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PeerJ. 2017 May 18;5:e3341. doi: 10.7717/peerj.3341. eCollection 2017.

Lid opening and conformational stability of T1 Lipase is mediated by increasing chain length polar solvents.

Author information

1
Department of Cell and Molecular Biology/Enzyme Microbial Technology Research center/Faculty of Biotechnology and Biomolecular Science, Universiti Putra Malaysia, Serdang, Serlangor, Malaysia.
2
Department of Biochemistry/Enzyme Microbial Technology Research center/Faculty of Biotechnology and Biomolecular Science, Universiti Putra Malaysia, Serdang, Selangor, Malaysia.
3
Department of Microbiology/Enzyme Microbial Technology Research center/Faculty of Biotechnology and Biomolecular Science, Universiti Putra Malaysia, Serdang, Selangor, Malaysia.
4
Department of Cell and Molecular Biology/Enzyme and Microbial Technology Research center/Faculty of Biotechnology and Biomolecular Science/Institute of Bioscience, Universiti Putra Malaysia, Serdang, Selangor, Malaysia.
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Contributed equally

Abstract

The dynamics and conformational landscape of proteins in organic solvents are events of potential interest in nonaqueous process catalysis. Conformational changes, folding transitions, and stability often correspond to structural rearrangements that alter contacts between solvent molecules and amino acid residues. However, in nonaqueous enzymology, organic solvents limit stability and further application of proteins. In the present study, molecular dynamics (MD) of a thermostable Geobacillus zalihae T1 lipase was performed in different chain length polar organic solvents (methanol, ethanol, propanol, butanol, and pentanol) and water mixture systems to a concentration of 50%. On the basis of the MD results, the structural deviations of the backbone atoms elucidated the dynamic effects of water/organic solvent mixtures on the equilibrium state of the protein simulations in decreasing solvent polarity. The results show that the solvent mixture gives rise to deviations in enzyme structure from the native one simulated in water. The drop in the flexibility in H2O, MtOH, EtOH and PrOH simulation mixtures shows that greater motions of residues were influenced in BtOH and PtOH simulation mixtures. Comparing the root mean square fluctuations value with the accessible solvent area (SASA) for every residue showed an almost correspondingly high SASA value of residues to high flexibility and low SASA value to low flexibility. The study further revealed that the organic solvents influenced the formation of more hydrogen bonds in MtOH, EtOH and PrOH and thus, it is assumed that increased intraprotein hydrogen bonding is ultimately correlated to the stability of the protein. However, the solvent accessibility analysis showed that in all solvent systems, hydrophobic residues were exposed and polar residues tended to be buried away from the solvent. Distance variation of the tetrahedral intermediate packing of the active pocket was not conserved in organic solvent systems, which could lead to weaknesses in the catalytic H-bond network and most likely a drop in catalytic activity. The conformational variation of the lid domain caused by the solvent molecules influenced its gradual opening. Formation of additional hydrogen bonds and hydrophobic interactions indicates that the contribution of the cooperative network of interactions could retain the stability of the protein in some solvent systems. Time-correlated atomic motions were used to characterize the correlations between the motions of the atoms from atomic coordinates. The resulting cross-correlation map revealed that the organic solvent mixtures performed functional, concerted, correlated motions in regions of residues of the lid domain to other residues. These observations suggest that varying lengths of polar organic solvents play a significant role in introducing dynamic conformational diversity in proteins in a decreasing order of polarity.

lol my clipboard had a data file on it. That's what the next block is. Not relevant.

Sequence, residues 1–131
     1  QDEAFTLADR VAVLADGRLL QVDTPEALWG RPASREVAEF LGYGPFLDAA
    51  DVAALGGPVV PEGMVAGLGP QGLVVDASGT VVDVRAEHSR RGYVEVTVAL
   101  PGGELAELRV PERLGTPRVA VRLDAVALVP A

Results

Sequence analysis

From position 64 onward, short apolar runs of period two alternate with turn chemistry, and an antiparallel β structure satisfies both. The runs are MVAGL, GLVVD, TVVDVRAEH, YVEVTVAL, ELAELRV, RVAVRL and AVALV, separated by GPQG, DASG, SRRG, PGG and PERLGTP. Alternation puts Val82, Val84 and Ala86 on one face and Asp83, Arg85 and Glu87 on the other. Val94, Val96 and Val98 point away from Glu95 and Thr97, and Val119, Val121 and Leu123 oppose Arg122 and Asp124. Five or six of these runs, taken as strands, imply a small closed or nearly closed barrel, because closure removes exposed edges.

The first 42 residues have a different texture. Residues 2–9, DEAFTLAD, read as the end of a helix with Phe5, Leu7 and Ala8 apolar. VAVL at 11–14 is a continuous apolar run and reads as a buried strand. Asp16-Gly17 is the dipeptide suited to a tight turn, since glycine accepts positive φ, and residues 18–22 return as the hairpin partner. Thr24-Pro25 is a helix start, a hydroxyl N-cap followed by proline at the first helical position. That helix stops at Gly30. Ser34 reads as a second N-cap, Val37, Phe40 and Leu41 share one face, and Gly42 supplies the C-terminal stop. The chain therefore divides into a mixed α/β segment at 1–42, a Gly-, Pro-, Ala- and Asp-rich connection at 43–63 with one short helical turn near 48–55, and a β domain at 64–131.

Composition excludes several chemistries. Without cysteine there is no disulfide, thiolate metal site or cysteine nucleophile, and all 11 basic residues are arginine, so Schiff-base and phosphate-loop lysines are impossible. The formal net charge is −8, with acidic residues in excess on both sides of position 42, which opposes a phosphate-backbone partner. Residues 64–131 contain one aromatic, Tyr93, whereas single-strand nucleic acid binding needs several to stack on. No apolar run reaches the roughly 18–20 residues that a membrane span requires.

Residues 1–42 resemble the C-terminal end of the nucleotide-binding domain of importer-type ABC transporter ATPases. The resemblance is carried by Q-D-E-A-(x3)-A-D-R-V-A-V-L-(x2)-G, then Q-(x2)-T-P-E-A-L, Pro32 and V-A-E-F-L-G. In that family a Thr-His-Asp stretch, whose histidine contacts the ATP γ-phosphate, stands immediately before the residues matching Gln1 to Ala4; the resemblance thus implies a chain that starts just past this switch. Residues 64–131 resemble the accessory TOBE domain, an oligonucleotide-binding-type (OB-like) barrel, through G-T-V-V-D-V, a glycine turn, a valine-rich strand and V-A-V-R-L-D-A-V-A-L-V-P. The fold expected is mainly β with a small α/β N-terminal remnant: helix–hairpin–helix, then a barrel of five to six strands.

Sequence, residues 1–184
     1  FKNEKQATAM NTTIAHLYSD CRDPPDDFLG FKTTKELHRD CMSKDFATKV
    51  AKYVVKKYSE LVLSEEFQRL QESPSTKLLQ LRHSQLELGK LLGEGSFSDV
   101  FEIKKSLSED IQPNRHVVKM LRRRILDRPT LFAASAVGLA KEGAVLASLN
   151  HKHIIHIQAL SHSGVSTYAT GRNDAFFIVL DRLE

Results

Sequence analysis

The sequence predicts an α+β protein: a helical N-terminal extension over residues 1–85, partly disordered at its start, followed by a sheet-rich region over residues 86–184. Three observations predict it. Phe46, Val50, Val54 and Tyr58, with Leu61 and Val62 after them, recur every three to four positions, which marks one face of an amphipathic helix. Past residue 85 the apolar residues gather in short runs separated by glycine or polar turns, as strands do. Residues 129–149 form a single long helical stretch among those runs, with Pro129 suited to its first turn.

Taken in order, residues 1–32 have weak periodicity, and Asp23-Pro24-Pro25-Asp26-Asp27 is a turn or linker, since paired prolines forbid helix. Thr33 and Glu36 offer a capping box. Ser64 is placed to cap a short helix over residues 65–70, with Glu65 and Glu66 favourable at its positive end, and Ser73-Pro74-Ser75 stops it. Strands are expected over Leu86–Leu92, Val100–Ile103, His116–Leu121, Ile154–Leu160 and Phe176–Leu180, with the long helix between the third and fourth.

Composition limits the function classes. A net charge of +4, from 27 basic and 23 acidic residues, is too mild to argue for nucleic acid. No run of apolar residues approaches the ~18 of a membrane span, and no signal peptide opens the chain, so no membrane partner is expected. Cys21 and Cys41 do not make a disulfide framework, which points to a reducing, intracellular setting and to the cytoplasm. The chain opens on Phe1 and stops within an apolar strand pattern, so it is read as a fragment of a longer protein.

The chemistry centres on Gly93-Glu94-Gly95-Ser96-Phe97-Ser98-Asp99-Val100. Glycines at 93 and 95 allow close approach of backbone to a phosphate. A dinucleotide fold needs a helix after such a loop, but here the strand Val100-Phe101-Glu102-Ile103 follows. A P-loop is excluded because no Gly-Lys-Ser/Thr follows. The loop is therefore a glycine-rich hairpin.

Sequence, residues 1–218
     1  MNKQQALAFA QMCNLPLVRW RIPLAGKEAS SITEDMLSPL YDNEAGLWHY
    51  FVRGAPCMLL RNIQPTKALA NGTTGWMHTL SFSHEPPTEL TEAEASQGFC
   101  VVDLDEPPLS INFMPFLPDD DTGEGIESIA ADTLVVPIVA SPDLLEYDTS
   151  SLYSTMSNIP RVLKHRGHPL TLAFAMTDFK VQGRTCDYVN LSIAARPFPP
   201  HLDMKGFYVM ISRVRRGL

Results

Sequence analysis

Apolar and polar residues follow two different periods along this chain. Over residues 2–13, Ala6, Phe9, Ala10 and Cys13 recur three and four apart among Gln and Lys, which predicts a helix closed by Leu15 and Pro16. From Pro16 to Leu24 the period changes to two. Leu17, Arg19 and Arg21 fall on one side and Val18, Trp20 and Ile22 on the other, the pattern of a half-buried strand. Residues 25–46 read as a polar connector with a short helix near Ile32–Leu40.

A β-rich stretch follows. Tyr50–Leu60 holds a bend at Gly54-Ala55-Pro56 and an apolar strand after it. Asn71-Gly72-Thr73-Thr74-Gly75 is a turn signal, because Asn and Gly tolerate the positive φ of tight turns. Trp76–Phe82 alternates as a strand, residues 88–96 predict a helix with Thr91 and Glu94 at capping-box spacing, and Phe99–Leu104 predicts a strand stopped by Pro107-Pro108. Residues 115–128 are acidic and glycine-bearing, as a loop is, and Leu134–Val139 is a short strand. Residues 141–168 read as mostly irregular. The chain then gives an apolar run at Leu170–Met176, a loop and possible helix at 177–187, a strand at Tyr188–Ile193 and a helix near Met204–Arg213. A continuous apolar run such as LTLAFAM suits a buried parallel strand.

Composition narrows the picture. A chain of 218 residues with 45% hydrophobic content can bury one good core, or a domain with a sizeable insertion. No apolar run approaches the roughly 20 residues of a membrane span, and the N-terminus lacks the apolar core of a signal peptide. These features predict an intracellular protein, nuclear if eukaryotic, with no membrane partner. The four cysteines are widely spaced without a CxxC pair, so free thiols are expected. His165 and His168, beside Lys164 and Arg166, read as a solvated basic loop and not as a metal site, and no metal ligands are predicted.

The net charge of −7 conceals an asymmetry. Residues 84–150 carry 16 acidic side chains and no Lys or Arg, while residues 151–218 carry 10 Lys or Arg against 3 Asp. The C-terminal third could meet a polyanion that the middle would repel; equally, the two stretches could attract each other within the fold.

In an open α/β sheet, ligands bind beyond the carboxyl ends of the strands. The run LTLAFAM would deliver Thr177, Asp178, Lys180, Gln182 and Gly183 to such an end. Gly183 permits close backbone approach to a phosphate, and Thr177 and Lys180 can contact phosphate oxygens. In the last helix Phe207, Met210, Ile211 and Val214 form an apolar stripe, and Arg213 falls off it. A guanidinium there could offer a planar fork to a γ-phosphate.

KEYWORDS:

Cross correlations; Interactions; Molecular dynamics; Organic solvent mixtures; Residue fluctuations; Structure conformation

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